(November 9, 2004—Berkeley, CA) Keynote Address Opens National Conference on Race & Public Policy. Radio and television talk-show host Tavis Smiley will be speaking in UC Berkeley’s Wheeler Auditorium at 7pm, Thursday November 11, 2004
(4 de Noviembre, 2004—Berkeley, CA) Activistas se juntan en Conferencia Nacional de Raza y Politica Publica.
(November 4, 2004—Berkeley, CA) Advocates Gather at National Conference on Race and Public Policy at the University of California, Berkeley, November 11-13, 2004.
(October 27, 2004—Berkeley, CA) Community activists, policy advocates and academics are gathering to discuss the future of the racial justice movement at a conference on Race and Public Policy at the University of California, Berkeley, November 11-13, 2004.
(October 20, 2004—Berkeley, CA) Post-election Conference to Set Strategies for Future of Civil Rights.
(October 16, 2003—Chicago, IL) Chicago Families Protest Increasing Racial Profiling in the Era of the War on Terror: Community Hearings to be Held on Anniversary of the Patriot Act.
(September 19, 2003—Santa Clara, CA) Two Years After 9/11 South Bay Families Appeal to Leaders to Curb Excesses of National Security Policies.
(September 12, 2003—Los Angeles, CA) A panel of community leaders, including U.S. Rep. Maxine Waters and LA City councilman Martin Ludlow, will hear personal testimonies from LA residents about the impact of the “War on Terrorism” on their lives on Saturday, September 13, 2003.
(July 14, 2003—Oakland, CA) The Applied Research Center’s Falling through the Cracks: How California’s CalWORKs Keeps Families Poor documents the experiences of over thirty families in Los Angeles, San Francisco, and Alameda counties. Key findings include routine, illegal, and unjust use of sanctions; gross miscalculations of legitimate exemptions; and the denial of job training and educational opportunities.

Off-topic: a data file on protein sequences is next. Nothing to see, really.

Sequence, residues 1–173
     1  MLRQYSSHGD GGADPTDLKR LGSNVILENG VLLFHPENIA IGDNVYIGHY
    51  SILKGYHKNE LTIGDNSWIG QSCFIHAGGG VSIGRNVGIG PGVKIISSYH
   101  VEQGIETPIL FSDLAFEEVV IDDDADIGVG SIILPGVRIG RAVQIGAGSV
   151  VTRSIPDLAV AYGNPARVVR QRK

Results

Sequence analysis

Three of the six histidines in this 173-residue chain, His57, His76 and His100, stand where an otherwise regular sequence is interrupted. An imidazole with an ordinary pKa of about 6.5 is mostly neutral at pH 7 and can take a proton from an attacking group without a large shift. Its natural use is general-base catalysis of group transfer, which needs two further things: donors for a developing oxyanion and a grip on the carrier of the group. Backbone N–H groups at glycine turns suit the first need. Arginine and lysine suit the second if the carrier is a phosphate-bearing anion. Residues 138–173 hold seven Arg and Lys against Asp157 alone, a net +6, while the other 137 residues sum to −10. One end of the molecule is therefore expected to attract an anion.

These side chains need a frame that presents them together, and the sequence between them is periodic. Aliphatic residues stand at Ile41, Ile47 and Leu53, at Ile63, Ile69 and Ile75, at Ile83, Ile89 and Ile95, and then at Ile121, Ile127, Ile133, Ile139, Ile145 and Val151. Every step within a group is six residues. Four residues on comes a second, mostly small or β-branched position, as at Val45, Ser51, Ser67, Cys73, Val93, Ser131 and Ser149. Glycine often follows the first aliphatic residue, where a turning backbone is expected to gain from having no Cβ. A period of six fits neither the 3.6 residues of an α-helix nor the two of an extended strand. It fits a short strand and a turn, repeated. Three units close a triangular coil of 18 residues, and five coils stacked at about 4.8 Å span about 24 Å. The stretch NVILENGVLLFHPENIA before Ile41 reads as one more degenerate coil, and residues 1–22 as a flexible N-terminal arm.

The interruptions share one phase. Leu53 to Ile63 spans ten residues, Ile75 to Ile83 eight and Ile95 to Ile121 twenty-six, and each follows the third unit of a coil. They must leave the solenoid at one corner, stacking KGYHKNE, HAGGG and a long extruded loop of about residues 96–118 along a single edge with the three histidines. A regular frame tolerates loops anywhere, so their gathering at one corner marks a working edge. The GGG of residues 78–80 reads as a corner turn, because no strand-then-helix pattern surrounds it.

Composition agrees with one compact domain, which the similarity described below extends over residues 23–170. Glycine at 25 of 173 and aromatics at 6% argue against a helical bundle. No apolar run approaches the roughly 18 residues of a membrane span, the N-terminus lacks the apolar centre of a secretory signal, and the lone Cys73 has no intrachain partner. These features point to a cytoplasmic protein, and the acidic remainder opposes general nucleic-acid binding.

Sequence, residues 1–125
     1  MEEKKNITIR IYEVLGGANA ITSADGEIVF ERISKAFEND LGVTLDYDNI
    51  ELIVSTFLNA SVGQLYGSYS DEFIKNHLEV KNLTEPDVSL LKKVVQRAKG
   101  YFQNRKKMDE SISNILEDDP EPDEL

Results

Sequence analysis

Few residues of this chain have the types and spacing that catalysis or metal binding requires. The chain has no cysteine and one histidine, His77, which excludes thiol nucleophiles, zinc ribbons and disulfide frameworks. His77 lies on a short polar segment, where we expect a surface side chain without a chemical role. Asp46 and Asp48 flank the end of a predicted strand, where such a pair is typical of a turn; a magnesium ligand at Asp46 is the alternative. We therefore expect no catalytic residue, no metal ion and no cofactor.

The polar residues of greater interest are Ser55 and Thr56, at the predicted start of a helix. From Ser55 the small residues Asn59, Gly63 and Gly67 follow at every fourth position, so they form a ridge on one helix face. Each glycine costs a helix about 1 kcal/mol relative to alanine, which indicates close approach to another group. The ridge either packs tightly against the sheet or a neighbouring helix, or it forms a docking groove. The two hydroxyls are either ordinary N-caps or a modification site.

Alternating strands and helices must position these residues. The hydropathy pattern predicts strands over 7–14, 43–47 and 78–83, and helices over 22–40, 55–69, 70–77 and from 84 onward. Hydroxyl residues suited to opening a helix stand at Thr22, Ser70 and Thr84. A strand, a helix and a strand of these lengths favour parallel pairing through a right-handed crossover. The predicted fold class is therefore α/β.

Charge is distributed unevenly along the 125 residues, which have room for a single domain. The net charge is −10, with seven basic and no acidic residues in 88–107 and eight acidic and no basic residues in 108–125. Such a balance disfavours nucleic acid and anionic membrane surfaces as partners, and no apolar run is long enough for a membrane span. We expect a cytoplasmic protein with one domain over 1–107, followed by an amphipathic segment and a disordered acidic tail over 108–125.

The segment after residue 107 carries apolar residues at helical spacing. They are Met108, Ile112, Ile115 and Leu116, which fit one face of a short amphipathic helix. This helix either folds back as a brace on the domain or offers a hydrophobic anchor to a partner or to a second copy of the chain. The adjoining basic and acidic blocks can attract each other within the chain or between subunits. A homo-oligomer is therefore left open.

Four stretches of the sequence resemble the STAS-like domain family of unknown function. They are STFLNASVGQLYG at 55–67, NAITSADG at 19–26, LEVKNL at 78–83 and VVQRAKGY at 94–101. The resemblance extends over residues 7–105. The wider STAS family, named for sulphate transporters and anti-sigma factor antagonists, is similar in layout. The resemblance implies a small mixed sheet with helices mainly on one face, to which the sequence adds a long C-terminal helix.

(April 26, 2004—Sacramento, CA) Assembly Select Committee on Hate Crimes to Co-Host Hearing with the Asian Pacific Islander, Black, and Latino Legislative caucuses, this hearing to create a record of the impact of national security policies on communities of color in California; assess threats to civil rights in an era of national security; and explore policies to increase protections for all California residents.
(June 20, 2002—Oakland, CA) Today, Members of Congress, including Congressional Black Caucus Chair Eddie Bernice Johnson (D-TX), join the Applied Research Center to release Race and Recession, an in-depth study that exposes pervasive racial inequities in child care spending, unemployment insurance, welfare, and education access.
(October 30, 2001—Oakland, CA) According to a new report, Racial Profiling and Punishment in U.S. Public Schools, released today by the Applied Research Center, high-stakes testing and excessive security measures subvert academic excellence and racial equity in for students of color in US public schools.
(August 5, 1999—Oakland, CA) A briefing on ARC’s new report on California’s teaching crisis will be held during one of the conference’s two public sessions on Friday 11:00 AM. This report, The Avoidable Teaching Crisis, details how California’s teaching policies aggravate racial inequalities in public schools.
(May 8, 2001—Oakland, CA) The Applied Research Center released a new report, Prospecting Among the Poor: Welfare Privatization, uncovering the proliferation of profiteering scams and corporate failures whose costs ultimately come out of the hides of welfare recipients and taxpayers.
(February 1, 2001—Oakland, CA) Today, the Applied Research Center released a new report, Cruel and Usual: How Welfare "Reform" Punishes Poor People, summarizing some unexpected results of welfare reform, as revealed in surveys conducted with 1500 welfare recipients in 13 states.
(October 10, 2000—Oakland, CA) School vouchers, such as those mandated by this year’s California Proposition 38, will increase racial inequality in public schools according to a new report from the Applied Research Center. Vouchers: A Trap, Not a Choice argues that the measure would leave the majority of low-income students and children of color in debilitated public schools, while affluent families would receive subsidies for private education.
(February 22, 1999—Oakland, CA) Data in the report suggest that such "high stakes" testing merely punishes students for attending substandard schools.